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Sunday, June 27, 1999
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Sandwich starters
By Harkiran Sodhi

APPETISERS need not always be very light. There are times when you have a drinks and heavy snacks party, the idea being that the appetisers are filling enough to substitute for an actual meal. These also are a boon for the hostess who doesn’t have to bother with arranging all that extra crockery and cutlery that a full meal entails, as well as in thinking up of an interesting menu for the main meal.

Sandwiches are a common feature at most tea parties.Sandwiches are a common enough feature at most tea parties or children’s birthdays, though not a conventional appetiser for a dinner party. The traditional sandwiches should certainly be avoided but there are many types of sandwiches that can easily be used as filling snacks for almost any dinner party as well.

Open sandwiches or sandwiches with a more unusual or interesting filling, as well as sandwiches, which use different bread to the regular ones, are the best options for appetisers. Pinwheel sandwiches and rolled sandwiches and ribbon sandwiches also give you an interesting look along with their great taste.

Open sandwiches if made with crusty bread sliced thick or then with soft round rolls are easy to hold in hand and don’t really require a plate. Very thin sandwiches made on regular sandwich bread need to be cut into small sizes in order to easily held by the hand. As being a little limp they tend to come apart very quickly.

Today apart from a few fillings for sandwiches we will also give you ideas on how to make ribbon, and rolled sandwiches as well as tips on storing sandwiches.

Some interesting sandwich fillings:

(1) Shredded cabbage, grated carrot and finely chopped spring onions taste great when mixed with fresh sprouts and seasoned with salt and freshly ground pepper. Spread this on to a thick crusty brown bread that has been generously coated with mayonnaise first.

(2) Tuna fish, finely chopped spring onions, grated cucumber and celery make an unusual topping on French bread. A tartar sauce layer tastes the best with this. (Tartar sauce is mayonnaise with finely chopped spring onions and tomatoes in it.)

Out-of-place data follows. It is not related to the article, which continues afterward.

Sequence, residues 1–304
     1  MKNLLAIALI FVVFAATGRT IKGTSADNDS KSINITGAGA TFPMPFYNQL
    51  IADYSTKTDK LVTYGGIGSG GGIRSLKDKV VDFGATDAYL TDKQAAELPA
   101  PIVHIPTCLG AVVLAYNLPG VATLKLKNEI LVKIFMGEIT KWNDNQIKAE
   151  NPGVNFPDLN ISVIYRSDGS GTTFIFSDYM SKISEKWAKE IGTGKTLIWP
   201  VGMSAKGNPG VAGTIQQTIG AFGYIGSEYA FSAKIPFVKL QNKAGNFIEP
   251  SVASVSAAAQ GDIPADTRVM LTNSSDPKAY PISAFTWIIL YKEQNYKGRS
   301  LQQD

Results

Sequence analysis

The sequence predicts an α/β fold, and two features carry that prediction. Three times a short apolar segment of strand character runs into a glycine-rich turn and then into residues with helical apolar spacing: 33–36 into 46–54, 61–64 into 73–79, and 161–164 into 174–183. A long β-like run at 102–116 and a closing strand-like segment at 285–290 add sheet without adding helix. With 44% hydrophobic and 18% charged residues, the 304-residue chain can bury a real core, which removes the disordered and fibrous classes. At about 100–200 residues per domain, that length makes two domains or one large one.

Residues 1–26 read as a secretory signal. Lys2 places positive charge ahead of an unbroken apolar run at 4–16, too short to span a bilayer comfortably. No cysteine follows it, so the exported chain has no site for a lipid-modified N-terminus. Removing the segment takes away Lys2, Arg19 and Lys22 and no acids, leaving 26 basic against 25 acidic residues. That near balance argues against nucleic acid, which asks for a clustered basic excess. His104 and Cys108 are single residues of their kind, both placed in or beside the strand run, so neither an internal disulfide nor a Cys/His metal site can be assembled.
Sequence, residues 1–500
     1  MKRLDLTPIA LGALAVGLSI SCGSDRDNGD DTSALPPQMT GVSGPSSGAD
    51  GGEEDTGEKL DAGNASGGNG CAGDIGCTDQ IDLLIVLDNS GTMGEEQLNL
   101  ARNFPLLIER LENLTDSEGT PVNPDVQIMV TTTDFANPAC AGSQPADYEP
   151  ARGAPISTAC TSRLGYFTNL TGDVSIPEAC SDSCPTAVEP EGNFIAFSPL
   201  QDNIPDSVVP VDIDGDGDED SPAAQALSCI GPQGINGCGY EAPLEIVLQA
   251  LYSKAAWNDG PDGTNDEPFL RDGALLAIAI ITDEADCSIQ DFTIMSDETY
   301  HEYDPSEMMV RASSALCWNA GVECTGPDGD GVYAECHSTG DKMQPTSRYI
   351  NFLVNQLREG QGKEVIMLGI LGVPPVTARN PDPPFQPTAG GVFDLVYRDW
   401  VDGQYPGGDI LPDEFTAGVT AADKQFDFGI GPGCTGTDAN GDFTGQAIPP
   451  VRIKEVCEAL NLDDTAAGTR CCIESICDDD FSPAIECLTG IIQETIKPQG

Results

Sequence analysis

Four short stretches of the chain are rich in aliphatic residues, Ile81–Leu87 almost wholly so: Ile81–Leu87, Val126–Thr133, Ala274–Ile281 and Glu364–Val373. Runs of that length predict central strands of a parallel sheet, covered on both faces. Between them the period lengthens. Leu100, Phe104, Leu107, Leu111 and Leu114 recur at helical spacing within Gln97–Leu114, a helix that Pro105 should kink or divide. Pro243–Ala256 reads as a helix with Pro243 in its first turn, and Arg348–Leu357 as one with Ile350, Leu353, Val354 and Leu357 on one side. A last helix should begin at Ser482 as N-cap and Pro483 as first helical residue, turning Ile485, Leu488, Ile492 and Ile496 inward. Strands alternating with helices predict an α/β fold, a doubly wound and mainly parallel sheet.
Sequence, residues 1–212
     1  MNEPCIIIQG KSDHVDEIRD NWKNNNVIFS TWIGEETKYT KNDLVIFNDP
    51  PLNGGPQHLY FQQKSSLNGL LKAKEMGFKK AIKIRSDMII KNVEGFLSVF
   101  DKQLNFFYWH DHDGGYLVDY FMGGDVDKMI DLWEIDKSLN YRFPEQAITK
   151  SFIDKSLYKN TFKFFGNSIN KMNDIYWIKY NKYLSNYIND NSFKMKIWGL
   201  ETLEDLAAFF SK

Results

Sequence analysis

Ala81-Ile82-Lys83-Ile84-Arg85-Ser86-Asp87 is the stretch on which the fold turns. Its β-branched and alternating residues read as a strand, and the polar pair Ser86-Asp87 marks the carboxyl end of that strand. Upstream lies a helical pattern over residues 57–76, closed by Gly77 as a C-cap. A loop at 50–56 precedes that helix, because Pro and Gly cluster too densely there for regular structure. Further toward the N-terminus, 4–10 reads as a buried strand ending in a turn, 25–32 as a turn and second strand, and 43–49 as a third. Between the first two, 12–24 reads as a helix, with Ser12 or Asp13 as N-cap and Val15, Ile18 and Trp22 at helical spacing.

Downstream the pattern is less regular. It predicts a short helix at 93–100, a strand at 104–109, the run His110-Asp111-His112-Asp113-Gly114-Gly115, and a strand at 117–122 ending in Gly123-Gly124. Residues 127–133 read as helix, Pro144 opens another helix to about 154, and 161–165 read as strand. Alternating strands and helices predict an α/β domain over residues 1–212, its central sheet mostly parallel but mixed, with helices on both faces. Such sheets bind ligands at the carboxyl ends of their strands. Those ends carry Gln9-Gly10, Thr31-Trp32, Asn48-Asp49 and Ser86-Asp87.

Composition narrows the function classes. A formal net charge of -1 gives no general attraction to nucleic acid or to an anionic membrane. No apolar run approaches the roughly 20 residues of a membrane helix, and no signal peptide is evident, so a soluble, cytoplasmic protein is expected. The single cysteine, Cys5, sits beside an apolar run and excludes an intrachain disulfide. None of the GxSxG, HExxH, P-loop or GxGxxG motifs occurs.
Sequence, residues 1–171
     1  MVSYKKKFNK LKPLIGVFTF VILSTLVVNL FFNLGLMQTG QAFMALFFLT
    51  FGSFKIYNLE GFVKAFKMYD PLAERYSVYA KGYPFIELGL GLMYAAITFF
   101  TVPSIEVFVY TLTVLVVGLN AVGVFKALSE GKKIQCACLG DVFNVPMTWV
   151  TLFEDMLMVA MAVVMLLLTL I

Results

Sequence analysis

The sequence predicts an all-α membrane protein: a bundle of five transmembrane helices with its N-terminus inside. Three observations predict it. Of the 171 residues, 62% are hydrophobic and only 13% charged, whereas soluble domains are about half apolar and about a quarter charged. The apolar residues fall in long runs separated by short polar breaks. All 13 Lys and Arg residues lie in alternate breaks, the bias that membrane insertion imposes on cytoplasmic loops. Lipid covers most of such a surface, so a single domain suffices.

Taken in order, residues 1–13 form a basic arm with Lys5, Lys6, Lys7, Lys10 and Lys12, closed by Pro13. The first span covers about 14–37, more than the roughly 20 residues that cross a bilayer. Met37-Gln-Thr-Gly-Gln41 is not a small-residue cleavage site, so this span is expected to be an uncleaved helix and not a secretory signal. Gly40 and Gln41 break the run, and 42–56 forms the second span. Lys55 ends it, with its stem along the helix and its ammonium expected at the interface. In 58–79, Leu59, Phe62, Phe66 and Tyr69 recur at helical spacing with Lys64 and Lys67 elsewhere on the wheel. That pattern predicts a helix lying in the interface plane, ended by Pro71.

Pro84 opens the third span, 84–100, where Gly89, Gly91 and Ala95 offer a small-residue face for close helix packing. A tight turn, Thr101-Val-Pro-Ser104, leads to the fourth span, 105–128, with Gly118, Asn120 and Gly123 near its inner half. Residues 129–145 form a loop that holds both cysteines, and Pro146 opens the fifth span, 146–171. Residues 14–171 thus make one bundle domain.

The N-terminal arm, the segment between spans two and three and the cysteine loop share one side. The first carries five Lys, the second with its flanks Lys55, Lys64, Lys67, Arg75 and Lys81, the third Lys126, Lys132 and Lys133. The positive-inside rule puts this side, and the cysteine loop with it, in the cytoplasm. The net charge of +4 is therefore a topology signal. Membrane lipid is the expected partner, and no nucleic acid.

(3) Tomatoes which are finely chopped, onions diced small, celery and grated cheese seasoned with salf and freshly ground black pepper taste good on thinly sliced sandwich bread.

(4) Finely chopped green pepper and grated carrot andcabbage mixed with fresh sprouts and mayonnaise are best on a whole wheat bread.

(5) Boiled eggs mixed with mustard, Worcestershire sauce, salt and pepper and fresh cream make an unusual topping on lettuce placed on crusty brown bread.

Ribbon sandwiches

You need three layers of buttered bread and the centre slice should be buttered on both sides with filling of your choice in between. The look improves if you alternate with white and brown bread slices.

Pinwheel sandwiches

Take an unsliced loaf of bread and slice it length ways into thinnish slices. Butter a slice and spread it with any filling of your choice. Roll up the slice from one roll it all the way till the end. Cover it with cling film (plastic wrap ) and leave it in the fridge for about an hour. Remove it just before serving and slice the roll into slices of desired thickness and serve.

Rolled sandwiches

Take a sliced sandwich bread and take one slice out. Remove the crust from it and roll it lightly with a roling pin till it is quite thin. Butter the slice generously and spread with mayonnaise or cream cheese etc and then top it with a cheese slice, or salami. Add fresh sprouts or finely chopped carrot spears placing these with a little bit of them out of the slice. Now roll the bread up tightly till the end and wrap them in a plastic wrap, taking care the seams of the sandwiches don’t open up. Leave them in the fridge for at least an hour before removing the plastic wrap and serving.

Tips on storing sandwiches

Often if you have a party to plan you like food that can be made earlier and brought out just in the nick of time to serve. This leaves the hostess with a free and easy mind just before and during the sandwiches and saves a lot of bother of making the appetiser while the party is on full swing.

Sandwiches can easily be prepared up to a day earlier and stored in the fridge till you need to use them. If you store them carefully they will taste just as good and look as fresh as if they were just made. There is certainly nothing less appetising then plateful of sandwiches that are wilted and their edges curling and dry.

To store sandwiches it is best to stack them 3-4 at a time and place a lettuce or cabbage leaf on top and then wrap them in a plastic wrap. Ensure the plastic wrap is well fastened and sealed tightly to be really effective. Put these packets into a damp towel and then put the whole lot into a big clean plastic bag and place in the fridge till ready to be served.

Try not to trim the crusts and edges earlier if you want to store the sandwiches even for half a day. They look and taste fresh if you leave them with their edges untrimmed till just before serving when you cut these off.

Fillings which are high in fat content like cheese, tinned fish, chicken etc are best on sandwiches that are to be stored in the fridge and served later. These do not dry out as fast as some other fillings tend to do. Lettuce, tomatoes, cooked egg, pineapple, are some food items that when used in a sandwich filling do not taste quite as good when stored. These are best made and served fresh. Back

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